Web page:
Blockchain revolution in financial services
Blockchain, the technology behind the cryptocurrency Bitcoin, is one of the hottest topics in the financial sector. Dozens of large financial institutions, including many of the world's major banks, have already launched initiatives to explore blockchain's potential.
As applied in the Bitcoin context, blockchain is a decentralized, public ledger that contains the details of every Bitcoin transaction that has ever been completed. Due to a number of innovative technical protocols, the ledger has proven to be exceptionally accurate and secure.
Interest in the technology exploded when it became clear that blockchain can be used to document the transfer of any digital asset, record the ownership of physical and intellectual property, and establish rights through smart contracts, among other applications. By reordering and automating complex, labor-intensive processes, the technology can enable organizations to operate both faster and more cheaply.
Financial institutions are exploring a variety of opportunities to use blockchain, including applications to improve and enhance currency exchange, supply chain management, trade execution and settlement, remittance, peer-to-peer transfers, micropayments, asset registration, correspondent banking and regulatory reporting (including applications related to "know your customer" and anti-money-laundering rules).
Highlighting the potential for banks, Santander issued a report in 2015 estimating that blockchain "could reduce banks' infrastructure costs attributable to cross-border payments, securities trading and regulatory compliance by between US$15 – 20 billion per annum by 2022." And there is reason to believe the actual figure may be higher.
For most large financial institutions that are exploring blockchain opportunities, 2017 will be a year of continued innovation and experimentation. But these activities are only a prelude to profound changes throughout the financial sector.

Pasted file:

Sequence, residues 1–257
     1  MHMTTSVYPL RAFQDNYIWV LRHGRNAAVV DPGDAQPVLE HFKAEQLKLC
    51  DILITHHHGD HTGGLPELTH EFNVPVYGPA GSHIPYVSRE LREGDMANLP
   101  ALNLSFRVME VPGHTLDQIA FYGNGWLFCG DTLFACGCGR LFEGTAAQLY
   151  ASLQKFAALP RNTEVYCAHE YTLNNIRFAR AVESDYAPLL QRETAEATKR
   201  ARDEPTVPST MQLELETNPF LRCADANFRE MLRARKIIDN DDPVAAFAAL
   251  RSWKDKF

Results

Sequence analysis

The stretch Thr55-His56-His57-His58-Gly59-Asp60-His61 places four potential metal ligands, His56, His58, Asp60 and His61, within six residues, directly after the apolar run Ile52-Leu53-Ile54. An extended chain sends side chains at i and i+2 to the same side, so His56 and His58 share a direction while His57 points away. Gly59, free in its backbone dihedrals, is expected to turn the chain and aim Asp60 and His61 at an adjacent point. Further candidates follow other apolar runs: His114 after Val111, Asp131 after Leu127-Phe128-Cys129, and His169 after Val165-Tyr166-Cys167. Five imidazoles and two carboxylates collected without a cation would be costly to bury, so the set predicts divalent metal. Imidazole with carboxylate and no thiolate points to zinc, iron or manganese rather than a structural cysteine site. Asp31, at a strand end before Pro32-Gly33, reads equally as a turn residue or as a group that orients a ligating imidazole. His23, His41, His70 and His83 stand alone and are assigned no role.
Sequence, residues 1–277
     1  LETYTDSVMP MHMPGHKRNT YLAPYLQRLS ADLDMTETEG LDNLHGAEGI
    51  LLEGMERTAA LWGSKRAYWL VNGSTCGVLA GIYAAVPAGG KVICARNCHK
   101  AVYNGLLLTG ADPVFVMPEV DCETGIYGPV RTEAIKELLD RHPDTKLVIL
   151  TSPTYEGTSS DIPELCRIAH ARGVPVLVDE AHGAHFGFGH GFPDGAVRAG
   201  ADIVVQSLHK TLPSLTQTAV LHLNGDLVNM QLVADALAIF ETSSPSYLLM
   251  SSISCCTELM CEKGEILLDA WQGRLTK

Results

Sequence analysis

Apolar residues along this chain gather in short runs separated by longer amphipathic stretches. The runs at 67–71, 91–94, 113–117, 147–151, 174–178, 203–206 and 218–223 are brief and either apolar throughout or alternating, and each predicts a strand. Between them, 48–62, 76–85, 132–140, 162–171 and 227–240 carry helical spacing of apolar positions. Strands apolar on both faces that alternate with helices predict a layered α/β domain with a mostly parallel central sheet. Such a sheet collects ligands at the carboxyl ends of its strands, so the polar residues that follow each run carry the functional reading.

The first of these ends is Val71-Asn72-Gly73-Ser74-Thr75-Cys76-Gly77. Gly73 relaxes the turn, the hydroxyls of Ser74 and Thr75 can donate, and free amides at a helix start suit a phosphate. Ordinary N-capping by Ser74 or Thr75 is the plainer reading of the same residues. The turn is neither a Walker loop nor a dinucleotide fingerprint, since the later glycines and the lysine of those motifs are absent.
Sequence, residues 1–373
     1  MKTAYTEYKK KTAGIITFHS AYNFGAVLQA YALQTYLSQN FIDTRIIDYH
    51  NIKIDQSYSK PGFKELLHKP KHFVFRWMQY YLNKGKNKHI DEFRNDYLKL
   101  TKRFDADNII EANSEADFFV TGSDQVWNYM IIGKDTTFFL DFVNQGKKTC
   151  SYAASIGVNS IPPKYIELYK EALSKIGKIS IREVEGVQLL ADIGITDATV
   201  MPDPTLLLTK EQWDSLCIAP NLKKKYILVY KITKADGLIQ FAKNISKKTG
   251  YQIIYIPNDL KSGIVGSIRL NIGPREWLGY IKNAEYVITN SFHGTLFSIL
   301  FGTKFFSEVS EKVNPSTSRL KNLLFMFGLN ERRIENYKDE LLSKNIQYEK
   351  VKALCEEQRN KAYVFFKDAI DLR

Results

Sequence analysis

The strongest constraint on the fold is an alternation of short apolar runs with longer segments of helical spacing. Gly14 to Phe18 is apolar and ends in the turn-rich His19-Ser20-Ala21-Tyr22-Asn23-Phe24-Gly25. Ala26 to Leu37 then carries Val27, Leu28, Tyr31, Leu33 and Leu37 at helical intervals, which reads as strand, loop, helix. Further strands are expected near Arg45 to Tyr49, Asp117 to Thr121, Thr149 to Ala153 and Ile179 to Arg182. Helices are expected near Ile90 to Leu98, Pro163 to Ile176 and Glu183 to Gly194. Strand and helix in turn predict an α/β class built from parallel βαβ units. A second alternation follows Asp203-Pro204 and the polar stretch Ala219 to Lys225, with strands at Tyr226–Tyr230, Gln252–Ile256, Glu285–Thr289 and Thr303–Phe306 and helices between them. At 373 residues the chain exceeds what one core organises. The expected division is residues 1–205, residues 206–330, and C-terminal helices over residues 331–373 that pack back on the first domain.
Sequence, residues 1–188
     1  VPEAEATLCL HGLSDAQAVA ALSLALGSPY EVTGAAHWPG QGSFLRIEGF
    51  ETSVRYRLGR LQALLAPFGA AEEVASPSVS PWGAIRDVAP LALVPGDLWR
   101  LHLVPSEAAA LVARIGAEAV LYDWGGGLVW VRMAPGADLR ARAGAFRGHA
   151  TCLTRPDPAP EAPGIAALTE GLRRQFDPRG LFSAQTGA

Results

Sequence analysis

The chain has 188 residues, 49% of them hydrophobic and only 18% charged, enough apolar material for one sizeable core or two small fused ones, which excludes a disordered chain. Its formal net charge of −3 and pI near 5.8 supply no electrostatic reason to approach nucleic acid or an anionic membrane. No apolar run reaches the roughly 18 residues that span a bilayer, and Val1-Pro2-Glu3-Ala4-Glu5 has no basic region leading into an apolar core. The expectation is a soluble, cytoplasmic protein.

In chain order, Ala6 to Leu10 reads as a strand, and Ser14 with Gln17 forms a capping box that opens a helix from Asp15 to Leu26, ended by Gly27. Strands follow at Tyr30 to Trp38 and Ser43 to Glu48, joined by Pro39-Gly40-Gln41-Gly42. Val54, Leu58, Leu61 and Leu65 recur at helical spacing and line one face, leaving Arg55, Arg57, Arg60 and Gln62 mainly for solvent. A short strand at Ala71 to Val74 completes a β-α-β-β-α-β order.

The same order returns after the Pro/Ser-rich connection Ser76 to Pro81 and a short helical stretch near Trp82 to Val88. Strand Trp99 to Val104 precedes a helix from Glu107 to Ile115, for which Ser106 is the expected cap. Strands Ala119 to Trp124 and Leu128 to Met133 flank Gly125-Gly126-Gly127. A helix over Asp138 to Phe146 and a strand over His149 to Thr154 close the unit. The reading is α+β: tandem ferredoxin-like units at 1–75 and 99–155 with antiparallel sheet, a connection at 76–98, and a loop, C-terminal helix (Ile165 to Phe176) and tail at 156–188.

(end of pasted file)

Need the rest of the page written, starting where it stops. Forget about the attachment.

Blockchain is a technology that was initially developed for Bitcoin, the cryptocurrency. It is a distributed ledger or database that is operated by a peer-to-peer network of unaffiliated participants. Using computers running sophisticated algorithms, these participants, so-called Bitcoin "miners," process transactions according to strict protocols that ensure a very high degree of accuracy and security. Anyone can participate—the blockchain is fully transparent and available to all—but only the miners that are the first to process an individual transaction are compensated.
As individual transactions are processed and verified by other miners on the network, they are bundled into groups called blocks; blocks of transactions are linked together to make the blockchain.
Every Bitcoin transaction is permanently recorded in the Bitcoin blockchain for all to see, creating an ever-growing historic record of activity. The mining process creates continuous, decentralized monitoring by every computer on the network and ensures the accuracy and security of the blockchain record.
Blockchain technology revolutionizes the transaction process by dispersing control and providing total transparency, obviating the need for the type of middlemen or centralized authorities that traditionally conduct, authorize or verify transactions.
The use of blockchain is not limited to Bitcoin or other cryptocurrencies. Blockchain has the potential to transform how business and government work in a wide variety of contexts. Blockchain can be used to record and track the details of any transaction or ownership of any asset, including tangible assets such as real estate and intangible assets such as intellectual property. It can also be used to automate contracts, dramatically simplifying the process of creating and executing them. (Importantly, companies can choose to develop public or private blockchains, depending on their objectives; see the sidebar "Public vs. Private Blockchains" for more detail.)
The perception of blockchain's potential is reflected in investment trends. According to Goldman Sachs, venture capital (VC) firms invested almost a billion dollars in the technology over the last three years, with about half of that amount invested in 2015 (Chart 1). As we will see, financial institutions are among the biggest investors in blockchain, reflecting a growing belief that the technology may actually have its greatest impact in the financial services sector.
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